On BioScience and Life and Such

OFF-switch #2 (Disgust)

In FDH-OFF project on February 9, 2023 at 12:09 pm

Update 5 on the Fear-Disgust-Hate project

Update 1 established that reading can, activate aspects of the fear-response.

Update 2 looked into possible ways of treating fear based on non-pharmaceutical therapy methods, and listed a first draft of standard-short-text responses.

Update 3 expanded the list of standard-short-text responses based on methods for everyday use outside of the therapy room.

Update 4 established that disgust, although similar to fear in eliciting a response in a reader, is a different response on account of the more social nature of the triggers.

Next: Make a draft of disgust OFF-switches.

Disgust is a multifactorial construct consisting of disgust propensity and disgust sensitivity. Disgust propensity (DP) is the ease with which a person becomes disgusted, while Disgust sensitivity (DS) refers to the degree of negativity associated with the elicitation and experience of disgust, or in other words, the emotional vulnerability that reflects how concerned an individual is by being disgusted (ref. 1).

Both the propensity and sensitivity varies not only between individuals as such, but seems to be dependent on social status. The higher your social status the more likely you are to feel entitled to feeling disgusted. This based on the cost of narrowing your social network (through being disgusted by them), which is presumably lower for those with high social status (ref 2).

OFF-switches then, need to be tailored to the targeted individual. The higher status of that individual, the more entitled to disgust they feel (high propensity and sensitivity) and the OFF-switch signals must be powerful enough to meet this increased resistance.

Disgust further differentiates from fear in that it is suspended when the trigger comes from someone we are close to. We change our baby’s diaper, even though it is disgusting. From ref 3: “This suspension of disgust establishes intimacy and may even strengthen love and community”. Intimacy then, can act as an automatic OFF-switch, but one it may be difficult to use in the standard-short-text format we used for fear.

Themes with a better potential as OFF-switches include:

  • Social “unlearning” (seeing that others are not disgusted, like watching someone you otherwise learn from, eat something you think is disgusting or seeing them interact with someone you categorize as disgusting, ref 4).
  • Counteracting a “sympathetic magic” reaction. Sympathetic magic operates through the “law of contagion” (i.e., once in contact, always in contact) and the “law of similarity” (i.e., an object is contaminated due to its similarity to another previously contaminated object).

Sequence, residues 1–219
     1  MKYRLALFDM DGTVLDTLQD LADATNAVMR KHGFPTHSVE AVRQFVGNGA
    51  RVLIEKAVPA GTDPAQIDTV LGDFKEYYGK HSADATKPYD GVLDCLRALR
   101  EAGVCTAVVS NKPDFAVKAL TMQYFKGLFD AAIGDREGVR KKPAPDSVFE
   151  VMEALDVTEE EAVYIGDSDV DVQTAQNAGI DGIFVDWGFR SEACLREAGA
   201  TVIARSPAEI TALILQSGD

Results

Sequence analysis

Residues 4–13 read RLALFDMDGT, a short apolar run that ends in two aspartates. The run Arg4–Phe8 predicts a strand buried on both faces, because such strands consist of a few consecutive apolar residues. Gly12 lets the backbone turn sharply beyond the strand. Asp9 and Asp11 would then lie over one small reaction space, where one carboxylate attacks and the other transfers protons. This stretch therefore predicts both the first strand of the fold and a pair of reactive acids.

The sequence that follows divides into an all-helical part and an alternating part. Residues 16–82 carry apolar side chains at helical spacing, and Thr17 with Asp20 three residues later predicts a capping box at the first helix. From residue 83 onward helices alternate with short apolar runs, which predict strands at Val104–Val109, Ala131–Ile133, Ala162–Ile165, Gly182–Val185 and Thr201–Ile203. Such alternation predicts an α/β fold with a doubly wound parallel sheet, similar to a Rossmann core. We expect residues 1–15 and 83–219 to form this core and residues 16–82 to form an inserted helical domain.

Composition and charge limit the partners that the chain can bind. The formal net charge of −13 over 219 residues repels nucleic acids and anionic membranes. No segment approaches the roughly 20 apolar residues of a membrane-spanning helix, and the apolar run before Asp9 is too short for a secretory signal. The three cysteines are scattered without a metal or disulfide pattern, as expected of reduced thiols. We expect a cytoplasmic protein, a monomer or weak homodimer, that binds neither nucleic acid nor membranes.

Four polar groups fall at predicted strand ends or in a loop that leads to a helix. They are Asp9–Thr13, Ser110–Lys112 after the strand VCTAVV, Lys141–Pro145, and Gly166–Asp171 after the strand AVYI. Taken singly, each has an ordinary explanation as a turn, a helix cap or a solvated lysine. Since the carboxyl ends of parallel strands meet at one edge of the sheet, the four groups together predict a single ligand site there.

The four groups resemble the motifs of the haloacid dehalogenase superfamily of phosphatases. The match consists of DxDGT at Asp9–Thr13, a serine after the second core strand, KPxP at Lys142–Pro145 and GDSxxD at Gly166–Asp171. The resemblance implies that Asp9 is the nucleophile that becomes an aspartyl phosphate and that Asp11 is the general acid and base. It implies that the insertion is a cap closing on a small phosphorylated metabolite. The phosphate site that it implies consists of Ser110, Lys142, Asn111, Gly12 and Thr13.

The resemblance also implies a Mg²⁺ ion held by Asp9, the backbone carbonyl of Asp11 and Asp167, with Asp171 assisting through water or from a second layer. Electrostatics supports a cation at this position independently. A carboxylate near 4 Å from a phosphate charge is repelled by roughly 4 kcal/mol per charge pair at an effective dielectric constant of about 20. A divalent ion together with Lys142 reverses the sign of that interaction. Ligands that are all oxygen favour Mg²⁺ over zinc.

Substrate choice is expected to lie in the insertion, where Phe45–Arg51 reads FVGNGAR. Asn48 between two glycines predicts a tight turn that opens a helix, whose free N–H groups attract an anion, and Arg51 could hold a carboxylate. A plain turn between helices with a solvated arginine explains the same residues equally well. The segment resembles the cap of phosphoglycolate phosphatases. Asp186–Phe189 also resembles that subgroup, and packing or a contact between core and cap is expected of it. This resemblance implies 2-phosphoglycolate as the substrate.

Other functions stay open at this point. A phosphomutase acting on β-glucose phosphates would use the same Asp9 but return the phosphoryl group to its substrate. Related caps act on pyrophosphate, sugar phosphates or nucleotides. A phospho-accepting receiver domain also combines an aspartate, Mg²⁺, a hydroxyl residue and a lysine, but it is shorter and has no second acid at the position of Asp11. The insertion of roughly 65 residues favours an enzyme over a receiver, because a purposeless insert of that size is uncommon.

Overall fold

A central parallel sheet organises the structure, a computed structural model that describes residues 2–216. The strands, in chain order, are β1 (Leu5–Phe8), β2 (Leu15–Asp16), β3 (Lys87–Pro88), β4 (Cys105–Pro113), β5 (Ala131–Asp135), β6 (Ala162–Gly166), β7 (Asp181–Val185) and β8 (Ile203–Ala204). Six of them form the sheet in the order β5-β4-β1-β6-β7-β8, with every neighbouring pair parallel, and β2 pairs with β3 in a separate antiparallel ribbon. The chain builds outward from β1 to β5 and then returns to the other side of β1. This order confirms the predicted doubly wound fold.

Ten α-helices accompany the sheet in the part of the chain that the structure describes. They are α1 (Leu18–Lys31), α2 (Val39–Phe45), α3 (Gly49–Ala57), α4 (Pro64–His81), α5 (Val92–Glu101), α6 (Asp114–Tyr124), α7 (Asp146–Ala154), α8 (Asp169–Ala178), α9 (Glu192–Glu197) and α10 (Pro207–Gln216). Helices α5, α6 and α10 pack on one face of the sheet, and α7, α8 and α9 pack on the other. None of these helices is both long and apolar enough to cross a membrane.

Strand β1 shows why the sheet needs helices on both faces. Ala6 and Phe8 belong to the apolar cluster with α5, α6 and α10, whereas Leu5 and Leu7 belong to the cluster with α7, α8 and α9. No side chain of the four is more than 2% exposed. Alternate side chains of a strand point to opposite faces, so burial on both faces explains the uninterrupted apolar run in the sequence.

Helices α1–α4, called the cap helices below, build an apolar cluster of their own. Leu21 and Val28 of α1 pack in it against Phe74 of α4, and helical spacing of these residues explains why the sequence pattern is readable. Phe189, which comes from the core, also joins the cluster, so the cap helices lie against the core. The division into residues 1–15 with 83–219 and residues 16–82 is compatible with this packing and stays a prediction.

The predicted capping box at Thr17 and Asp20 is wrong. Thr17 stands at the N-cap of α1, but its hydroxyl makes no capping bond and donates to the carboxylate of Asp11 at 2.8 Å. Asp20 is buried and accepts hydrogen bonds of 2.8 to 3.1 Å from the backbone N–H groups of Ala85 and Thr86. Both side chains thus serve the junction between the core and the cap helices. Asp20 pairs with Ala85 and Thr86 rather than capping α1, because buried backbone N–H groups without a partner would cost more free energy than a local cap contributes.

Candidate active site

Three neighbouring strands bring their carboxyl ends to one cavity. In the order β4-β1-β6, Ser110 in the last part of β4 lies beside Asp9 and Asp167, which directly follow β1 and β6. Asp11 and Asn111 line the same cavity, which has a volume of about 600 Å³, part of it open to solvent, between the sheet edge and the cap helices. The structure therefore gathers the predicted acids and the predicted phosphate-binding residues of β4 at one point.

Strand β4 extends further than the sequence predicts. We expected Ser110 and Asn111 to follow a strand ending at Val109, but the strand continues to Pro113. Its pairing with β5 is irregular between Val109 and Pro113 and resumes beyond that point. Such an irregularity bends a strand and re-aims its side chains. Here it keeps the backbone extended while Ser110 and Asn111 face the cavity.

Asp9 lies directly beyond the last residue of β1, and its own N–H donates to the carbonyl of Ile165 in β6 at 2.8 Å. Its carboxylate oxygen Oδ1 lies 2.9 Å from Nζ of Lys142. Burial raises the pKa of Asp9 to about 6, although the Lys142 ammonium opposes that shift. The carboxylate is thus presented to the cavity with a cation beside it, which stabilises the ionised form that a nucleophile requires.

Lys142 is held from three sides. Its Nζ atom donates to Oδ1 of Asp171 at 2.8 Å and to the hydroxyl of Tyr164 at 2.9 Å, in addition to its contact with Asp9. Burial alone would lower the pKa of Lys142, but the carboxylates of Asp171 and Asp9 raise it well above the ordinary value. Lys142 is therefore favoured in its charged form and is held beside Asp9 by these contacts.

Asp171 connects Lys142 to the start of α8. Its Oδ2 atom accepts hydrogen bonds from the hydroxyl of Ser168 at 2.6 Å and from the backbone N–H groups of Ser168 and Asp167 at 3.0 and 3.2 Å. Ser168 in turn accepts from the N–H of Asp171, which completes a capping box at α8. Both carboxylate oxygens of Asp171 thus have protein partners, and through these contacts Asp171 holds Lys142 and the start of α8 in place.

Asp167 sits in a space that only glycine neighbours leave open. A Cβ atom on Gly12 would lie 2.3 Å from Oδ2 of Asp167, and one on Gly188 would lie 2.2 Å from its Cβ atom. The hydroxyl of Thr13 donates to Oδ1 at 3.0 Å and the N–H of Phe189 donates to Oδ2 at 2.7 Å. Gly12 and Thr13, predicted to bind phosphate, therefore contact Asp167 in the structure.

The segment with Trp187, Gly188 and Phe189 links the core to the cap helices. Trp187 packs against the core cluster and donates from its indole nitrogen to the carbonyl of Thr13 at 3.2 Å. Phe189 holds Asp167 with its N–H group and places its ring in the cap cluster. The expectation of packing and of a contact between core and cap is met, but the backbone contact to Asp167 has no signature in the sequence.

• Counter-conditioning. In counter-conditioning the trigger is repeatedly paired with a trigger of the opposite valence from the original trigger. For example, for a maladaptive evaluative conditioned trigger (a trigger coupled to a neutral stimulus) like “uncleanliness” coupled to “immigrants”, you would present the opposite, i.e. clean/healthy immigrants. For this to work the counter-conditioning stimulus needs to be very pleasant (ref 5 and ref 6).
  • Revaluation. In revaluation the trigger is paired with another stimulus, and the value of the trigger is changed. For example, for if a maladaptive evaluative conditioned stimulus (a co worker) like “bad person” has been coupled to a another co-workers affirming evaluation as “yes, a bad-person”, you would present a change in the second co-workers evaluation as “not such a bad person after all”, and the result would be that you get a more positive view on the original “bad person” (ref 5 ).

A first draft of standard short text OFF-switches for disgust, based on the above themes:

  • I see you are disgusted by [this topic/behavior], but it is interesting to notice that other members of [your community] are not.
  • I notice you are disgusted by [this world view], but I know wonderful people with the same view.
  • You feel that his behavior is degrading, but the same behavior has helped me and others, many times. Could it help you too ?
  • I think you confuse this [object/behavior/personal trait] with this other benign [object/behavior/personal trait]. Even though they are similar they may not both be disgusting.
  • I understand that you are disgusted by this [person, object], but many good friends speak highly of [object/person]. Maybe [object/person] is not so bad after all.
  • I see that you think this [person/behavior/object] is disgusting, but I have experienced [person/behavior/object] in this [other setting] and it was a wonderful experience.

Next post will expand and modify this list based on recommendations for disgust-reduction from non-scientific sources.


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